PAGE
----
Currently viewing the category: "Bagworm"
What's That Bug? does not endorse extermination

Subject: What made this?
Location: San Antonio, TX (west side)
July 13, 2014 11:35 pm
Noticed this yesterday while working in the yard. It’s dangling from a live-oak tree. I’ve been here 8 years and never seen one here before, or anywhere else I’ve ever lived. If you’re the size of a bug I think this is a marvel of construction. As far as I can tell those are very neatly cut or chewed twigs. Notice the hanging apparatus, it almost looks like braid, or rope.
It is approx 3″L x 14/16″ at the widest point. I showed it to a friend asking if he knew what it was, and his reply was, “Mini air-beavers?”
What’s your guess?
Signature: Sarah

Bagworm

Bagworm

Dear Sarah,
Though the thought of mini air beavers is tremendously amusing, this is actually the pupa of a Bagworm, a moth in the family Psychidae.  Construction on the bag begins with the young caterpillar and the bag is enlarged as the caterpillar grows.  The Bagworm caterpillar drags around its bag which acts as shelter and camouflage, and eventually the Bagworm caterpillar pupates within the bag after attaching the bag to a brand or fence.  Your Bagworm is in the pupal stage.  When it is mature, a winged male Bagworm moth or a flightless female Bagworm moth will emerge.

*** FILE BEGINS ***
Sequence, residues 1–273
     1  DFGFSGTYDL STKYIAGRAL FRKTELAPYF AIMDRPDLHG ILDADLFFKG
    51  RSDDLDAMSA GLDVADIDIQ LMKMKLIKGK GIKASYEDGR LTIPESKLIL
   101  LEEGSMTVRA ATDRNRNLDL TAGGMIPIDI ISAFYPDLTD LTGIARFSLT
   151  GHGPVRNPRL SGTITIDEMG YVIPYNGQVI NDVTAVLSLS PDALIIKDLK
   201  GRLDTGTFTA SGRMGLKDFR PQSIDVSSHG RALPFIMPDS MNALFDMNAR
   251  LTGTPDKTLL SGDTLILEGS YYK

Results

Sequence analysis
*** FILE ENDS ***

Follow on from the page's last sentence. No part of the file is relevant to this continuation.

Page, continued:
Bagworm

Bagworm

What's That Bug? does not endorse extermination

Subject: What is this? LOL
Location: Orangeburg, NY
July 24, 2013 5:06 pm
This was crawling on the sidewalk and inching along and appeared to be dragging the ”salad” behind it…sort of an insect Carmen Miranda …any ideas? It was about 3~4 inches long…
Just curious!
Signature: Don Slevin

Bagworm

Bagworm

Hi Don,
This is a Bagworm, a caterpillar in the family Psychidae.  We believe it is an Evergreen Bagworm,
Thyridopteryx ephemeraeformis, based on photos posted to bugGuide.

What's That Bug? does not endorse extermination

Subject: Strange bug – what is it?
Location: Setubal, Portugal
February 10, 2013 7:20 am
Dear WTB,
Would you tell me what this bug is? I found it while strolling in a local park. It was slowly dragging itself along the pavement. I tried poking it with a stick to see if it would come out of that ”shell”, but some kind of orange-ish blood poured out!
Signature: Luis M.

Bagworm

Dear Luis,
We believe this is a Bagworm, the caterpillar of a moth in the family Psychidae.  Bagworms construct mobile homes for themselves from the plant parts that they feed upon.

What's That Bug? does not endorse extermination

Subject: Bagworm in Uruguay?
Location: Bella Vista, Maldonado, Uruguay
February 5, 2013 5:24 am
Hi, my name is Tadeo, i am 10 years old and i discovered this strange cocoon in a just planted tree. After a while i saw that the cocoon was at a different place as the previous watch…so i started to pay more attention to it. Just tonight i found out that inside the cocoon lives a big worm…but i was not sure it was a SilkWorm….I have HD pictures…Can you please help me identify it…
Thanks a lot
Signature: Tadeo

Bagworm